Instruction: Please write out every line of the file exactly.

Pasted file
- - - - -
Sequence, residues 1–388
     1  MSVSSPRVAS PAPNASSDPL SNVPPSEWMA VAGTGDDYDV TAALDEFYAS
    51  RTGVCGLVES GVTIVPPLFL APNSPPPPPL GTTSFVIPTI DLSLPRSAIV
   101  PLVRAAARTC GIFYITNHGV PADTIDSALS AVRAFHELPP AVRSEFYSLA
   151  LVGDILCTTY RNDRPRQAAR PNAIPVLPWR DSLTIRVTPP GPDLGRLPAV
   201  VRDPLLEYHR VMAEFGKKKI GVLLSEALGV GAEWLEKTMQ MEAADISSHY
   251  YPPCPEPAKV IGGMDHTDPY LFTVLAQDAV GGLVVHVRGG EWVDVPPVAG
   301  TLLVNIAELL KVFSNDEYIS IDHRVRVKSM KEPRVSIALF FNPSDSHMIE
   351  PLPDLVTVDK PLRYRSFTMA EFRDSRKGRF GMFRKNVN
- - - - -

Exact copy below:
Sequence, residues 1–388
     1  MSVSSPRVAS PAPNASSDPL SNVPPSEWMA VAGTGDDYDV TAALDEFYAS
    51  RTGVCGLVES GVTIVPPLFL APNSPPPPPL GTTSFVIPTI DLSLPRSAIV
   101  PLVRAAARTC GIFYITNHGV PADTIDSALS AVRAFHELPP AVRSEFYSLA
   151  LVGDILCTTY RNDRPRQAAR PNAIPVLPWR DSLTIRVTPP GPDLGRLPAV
   201  VRDPLLEYHR VMAEFGKKKI GVLLSEALGV GAEWLEKTMQ MEAADISSHY
   251  YPPCPEPAKV IGGMDHTDPY LFTVLAQDAV GGLVVHVRGG EWVDVPPVAG
   301  TLLVNIAELL KVFSNDEYIS IDHRVRVKSM KEPRVSIALF FNPSDSHMIE
   351  PLPDLVTVDK PLRYRSFTMA EFRDSRKGRF GMFRKNVN